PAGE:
Sear Consortium said Mindanao Islamic is in breach of their contract, which includes exclusivity and a right of first refusal. By nullifying the agreement between Mindanao Islamic and Mislatel Consortium, the latter would be left without a valid telco franchise, thus disqualifying it from the third telco race.

  1. Wait, what does exclusivity and right of first refusal mean? 

It means that Digiphil and Mindanao Islamic have agreed to an exclusive partnership unless both parties give consent to join other groups. A right of first refusal means that if Mislatel wanted to partner with another group, it would need to first ask the permission of Digiphil. On the Nov. 7 bid date, it emerged that Mislatel Consortium had tapped Mindanao Islamic as its telco franchise partner, however, Sear claimed no such consent was given by Digiphil.

Based on their May 2018 agreement, which was given to reporters, Digilphil paid Mislatel an initial P5 million for a seat on the board and another P5 million for the right of first refusal.

Apart from its appeal to the selection committee, Sear said it would file legal charges against Mindanao Islamic.

  1. What does franchise holder Mindanao Islamic say? 

In a statement, Mindanao Islamic confirmed that it had a previous agreement with Digiphil.

However, it insisted that their agreement made “absolutely no reference to the third telco bid” and that the deal was meant for “small projects” such as satellite communications.

In addition, Mindanao Islamic considered its agreement with Digiphil terminated as of Oct. 5 this year.

It furnished reporters with a copy of the letter, via its legal office, informing Digiphil that because the latter insisted their agreement covered the third telco bid this “constitutes a fraudulent misrepresentation on the part of Digiphil for which reason [Mindanao Islamic] cannot accept and is thus compelled to rescind their agreement.”

Mindanao Islamic, in the same letter, also offered to refund Digiphil its P10 million investment, however, the latter did not accept the amount.

  1. Was there really no agreement between Digiphil and Mindanao Islamic to bid for the third telco? What does the contract say? 

This issue enters the realm of legal interpretations.

Mindanao Islamic said it does not because the specific language mentioning the third telco bid does not exist in the contract.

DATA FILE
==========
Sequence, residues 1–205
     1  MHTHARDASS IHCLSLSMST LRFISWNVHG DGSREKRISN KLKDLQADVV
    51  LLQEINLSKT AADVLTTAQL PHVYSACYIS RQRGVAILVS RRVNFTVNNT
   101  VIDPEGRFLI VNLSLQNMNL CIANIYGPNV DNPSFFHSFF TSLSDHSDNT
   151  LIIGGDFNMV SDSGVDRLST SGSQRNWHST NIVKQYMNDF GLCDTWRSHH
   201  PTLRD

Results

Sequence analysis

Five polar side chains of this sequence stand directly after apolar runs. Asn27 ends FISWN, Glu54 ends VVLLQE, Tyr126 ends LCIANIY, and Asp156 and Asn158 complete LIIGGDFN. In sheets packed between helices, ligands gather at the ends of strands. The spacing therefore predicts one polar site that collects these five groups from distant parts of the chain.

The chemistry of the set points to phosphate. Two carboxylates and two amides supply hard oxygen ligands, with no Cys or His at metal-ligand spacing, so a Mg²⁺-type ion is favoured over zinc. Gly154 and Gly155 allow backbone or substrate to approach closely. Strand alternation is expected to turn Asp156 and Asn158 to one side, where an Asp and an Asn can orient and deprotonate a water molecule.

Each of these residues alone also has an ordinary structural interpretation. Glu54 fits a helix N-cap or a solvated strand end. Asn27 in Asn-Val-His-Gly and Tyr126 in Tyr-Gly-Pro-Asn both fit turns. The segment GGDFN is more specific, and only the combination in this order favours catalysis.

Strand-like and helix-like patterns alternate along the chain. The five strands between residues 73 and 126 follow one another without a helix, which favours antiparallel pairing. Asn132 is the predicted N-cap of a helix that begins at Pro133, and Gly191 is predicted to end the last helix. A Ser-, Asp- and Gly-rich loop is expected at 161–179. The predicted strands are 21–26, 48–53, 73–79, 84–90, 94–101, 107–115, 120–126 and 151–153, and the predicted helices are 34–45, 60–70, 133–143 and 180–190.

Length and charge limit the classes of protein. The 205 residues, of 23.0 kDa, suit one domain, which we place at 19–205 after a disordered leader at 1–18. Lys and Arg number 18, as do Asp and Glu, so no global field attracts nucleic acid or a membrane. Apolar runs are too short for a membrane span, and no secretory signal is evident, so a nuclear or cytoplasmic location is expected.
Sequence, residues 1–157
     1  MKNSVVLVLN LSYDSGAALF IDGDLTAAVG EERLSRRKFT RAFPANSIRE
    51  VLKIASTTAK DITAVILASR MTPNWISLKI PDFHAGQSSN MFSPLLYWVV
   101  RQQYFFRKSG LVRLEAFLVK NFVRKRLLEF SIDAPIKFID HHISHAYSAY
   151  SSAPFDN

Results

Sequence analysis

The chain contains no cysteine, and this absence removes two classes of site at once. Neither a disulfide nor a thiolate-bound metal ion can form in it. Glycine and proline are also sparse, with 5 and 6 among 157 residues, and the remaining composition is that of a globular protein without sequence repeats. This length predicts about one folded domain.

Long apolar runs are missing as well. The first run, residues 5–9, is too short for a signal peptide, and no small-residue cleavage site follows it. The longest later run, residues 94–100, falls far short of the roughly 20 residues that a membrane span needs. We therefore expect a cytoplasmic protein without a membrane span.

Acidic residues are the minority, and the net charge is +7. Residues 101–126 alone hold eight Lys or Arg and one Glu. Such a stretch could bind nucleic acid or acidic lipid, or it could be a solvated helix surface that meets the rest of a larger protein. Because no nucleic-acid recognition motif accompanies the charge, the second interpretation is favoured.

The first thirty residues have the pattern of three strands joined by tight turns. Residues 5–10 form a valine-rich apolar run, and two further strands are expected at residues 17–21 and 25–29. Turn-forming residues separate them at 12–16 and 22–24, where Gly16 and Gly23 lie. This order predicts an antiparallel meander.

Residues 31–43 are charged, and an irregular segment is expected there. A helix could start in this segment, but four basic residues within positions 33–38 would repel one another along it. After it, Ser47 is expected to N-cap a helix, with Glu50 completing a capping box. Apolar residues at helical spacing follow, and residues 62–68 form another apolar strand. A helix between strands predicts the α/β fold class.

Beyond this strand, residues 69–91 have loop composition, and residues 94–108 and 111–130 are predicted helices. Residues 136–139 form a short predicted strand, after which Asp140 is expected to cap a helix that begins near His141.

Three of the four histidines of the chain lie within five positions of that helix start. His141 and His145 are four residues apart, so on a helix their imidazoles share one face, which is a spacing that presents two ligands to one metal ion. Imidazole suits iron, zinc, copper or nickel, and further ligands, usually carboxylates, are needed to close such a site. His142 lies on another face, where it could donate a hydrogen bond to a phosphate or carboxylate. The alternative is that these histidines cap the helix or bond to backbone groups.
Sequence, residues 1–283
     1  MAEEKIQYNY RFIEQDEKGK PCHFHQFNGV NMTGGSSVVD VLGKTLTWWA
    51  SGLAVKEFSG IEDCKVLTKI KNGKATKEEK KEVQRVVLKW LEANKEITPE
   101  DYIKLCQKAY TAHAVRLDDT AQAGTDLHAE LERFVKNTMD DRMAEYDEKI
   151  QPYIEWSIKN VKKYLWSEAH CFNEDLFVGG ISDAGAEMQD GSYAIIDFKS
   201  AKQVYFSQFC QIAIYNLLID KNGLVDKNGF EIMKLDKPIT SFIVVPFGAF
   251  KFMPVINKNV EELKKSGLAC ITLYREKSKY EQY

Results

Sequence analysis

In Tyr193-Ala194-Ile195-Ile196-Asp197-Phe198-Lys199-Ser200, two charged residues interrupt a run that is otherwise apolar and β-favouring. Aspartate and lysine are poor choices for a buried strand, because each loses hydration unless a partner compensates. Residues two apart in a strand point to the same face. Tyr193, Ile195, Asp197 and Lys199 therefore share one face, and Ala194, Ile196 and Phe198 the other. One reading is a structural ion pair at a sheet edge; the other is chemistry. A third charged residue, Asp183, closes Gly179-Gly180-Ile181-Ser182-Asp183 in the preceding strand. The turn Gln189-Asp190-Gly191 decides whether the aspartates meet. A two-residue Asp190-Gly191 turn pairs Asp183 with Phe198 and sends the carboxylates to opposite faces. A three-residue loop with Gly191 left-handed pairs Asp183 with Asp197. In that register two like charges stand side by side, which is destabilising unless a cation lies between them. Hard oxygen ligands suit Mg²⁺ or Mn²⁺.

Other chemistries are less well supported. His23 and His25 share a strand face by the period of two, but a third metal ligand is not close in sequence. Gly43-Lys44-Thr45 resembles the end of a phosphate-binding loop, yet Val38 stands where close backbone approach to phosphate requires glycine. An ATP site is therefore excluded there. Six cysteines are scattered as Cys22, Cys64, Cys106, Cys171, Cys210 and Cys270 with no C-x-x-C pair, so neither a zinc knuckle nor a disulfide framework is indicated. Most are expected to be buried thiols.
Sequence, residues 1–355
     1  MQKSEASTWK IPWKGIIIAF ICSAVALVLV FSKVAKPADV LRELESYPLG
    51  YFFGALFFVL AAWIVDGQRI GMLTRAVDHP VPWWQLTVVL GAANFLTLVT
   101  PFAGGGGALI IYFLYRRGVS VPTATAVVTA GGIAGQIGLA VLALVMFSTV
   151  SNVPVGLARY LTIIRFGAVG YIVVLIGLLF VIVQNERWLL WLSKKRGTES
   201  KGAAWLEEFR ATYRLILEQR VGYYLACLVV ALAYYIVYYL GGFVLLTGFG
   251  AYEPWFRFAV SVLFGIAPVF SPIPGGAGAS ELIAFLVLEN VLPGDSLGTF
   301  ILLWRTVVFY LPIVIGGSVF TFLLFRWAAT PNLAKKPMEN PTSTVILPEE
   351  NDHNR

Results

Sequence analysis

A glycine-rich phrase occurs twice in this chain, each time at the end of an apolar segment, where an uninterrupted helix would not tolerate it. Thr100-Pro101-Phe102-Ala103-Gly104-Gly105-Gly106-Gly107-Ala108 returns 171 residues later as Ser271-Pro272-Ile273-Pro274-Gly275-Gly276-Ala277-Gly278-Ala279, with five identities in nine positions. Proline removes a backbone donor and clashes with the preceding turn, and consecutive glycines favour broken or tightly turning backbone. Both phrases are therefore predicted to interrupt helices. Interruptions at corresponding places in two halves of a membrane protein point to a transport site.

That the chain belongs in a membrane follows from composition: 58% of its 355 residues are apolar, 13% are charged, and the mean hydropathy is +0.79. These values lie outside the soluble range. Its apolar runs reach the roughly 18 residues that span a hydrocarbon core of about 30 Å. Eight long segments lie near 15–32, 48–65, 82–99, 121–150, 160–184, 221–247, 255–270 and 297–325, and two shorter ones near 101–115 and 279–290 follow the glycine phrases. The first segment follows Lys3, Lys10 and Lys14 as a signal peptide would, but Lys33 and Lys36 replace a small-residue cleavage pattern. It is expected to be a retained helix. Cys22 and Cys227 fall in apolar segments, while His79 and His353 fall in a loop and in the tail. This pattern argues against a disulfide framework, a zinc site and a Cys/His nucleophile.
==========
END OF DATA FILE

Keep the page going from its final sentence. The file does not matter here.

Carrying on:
However, the May 2018 agreement outlined a very broad range of activities that Mindanao Islamic and Digiphil could pursue.

This included providing broadband access to unserved and underserved areas, internet applications and content, telecommunications and ICT-related services. Moreover, it states that the parties are “likewise contemplating in the future to include the provision of cellular mobile telephony”, thus allowing voice calls and voice data traffic and “in general any other business or service that is within the scope of [Mindanao Islamic’s] legislative franchise.”

Lawyers for Sear would likely latch on to that wording to say the agreement does include plans for a third telco bid, which intends to create a new mobile player.

  1. Did Mislatel Consortium know about the Digiphil-Mindanao Islamic agreement? 

As far as we know, the Mislatel Consortium was unaware of the agreement between Digiphil and Mindanao Islamic. The latter did not feel the need to inform their partner, likely because they considered the contract terminated.

  1. Sear Consortium revealed their offer terms in the news and it seemed pretty good. What does it mean?

So far, it has no direct impact on the process. Sear Consortium’s bid remains sealed because it was disqualified. Based on the terms that were shown to reporters, Sear offered to spend a total of P540 billion, bring speeds up to 55 Mbps and cover 100 percent of the country’s population. This allowed it to score a perfect 500. If it was allowed to proceed and it passed all qualification rounds, Sear would have been named the provisional third telco.

Still, there is a precedent for Sear’s actions.

The decision to publicize the offer terms is reminiscent of the 2014 bid for the Cavite Laguna Expressway Public Private Partnership project. The bid would have been won by a venture between the Ayala and Aboitiz Groups, however, San Miguel Corp., which was disqualified due to a typographical error on the validity date of its bid bond, contested the results. SMC also revealed the contents of its bid package, which turned out to be significantly larger than the offer of Ayala-Aboitiz, prompting President Aquino to scrap the initial auction and order a rebid in 2015.

  1. What happens next? 

The NTC appeal process will play out. Based on the rules, it should have a decision on the initial batch of appeals early this week. It also remains uncertain if Mr. Duterte will step into the scene, as he said he would if the third telco process is not wrapped up in a timely manner. /cbb

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TAGS: dict, Mislatel, News, NTC, PTT, Sear Consortium, Telecommunications, third telco